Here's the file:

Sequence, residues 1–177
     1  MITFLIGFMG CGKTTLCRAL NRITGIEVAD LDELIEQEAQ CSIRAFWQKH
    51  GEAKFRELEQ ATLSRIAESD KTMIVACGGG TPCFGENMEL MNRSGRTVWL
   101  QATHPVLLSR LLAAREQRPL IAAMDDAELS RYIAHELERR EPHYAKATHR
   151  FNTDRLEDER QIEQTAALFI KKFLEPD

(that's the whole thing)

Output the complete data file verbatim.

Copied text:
Sequence, residues 1–177
     1  MITFLIGFMG CGKTTLCRAL NRITGIEVAD LDELIEQEAQ CSIRAFWQKH
    51  GEAKFRELEQ ATLSRIAESD KTMIVACGGG TPCFGENMEL MNRSGRTVWL
   101  QATHPVLLSR LLAAREQRPL IAAMDDAELS RYIAHELERR EPHYAKATHR
   151  FNTDRLEDER QIEQTAALFI KKFLEPD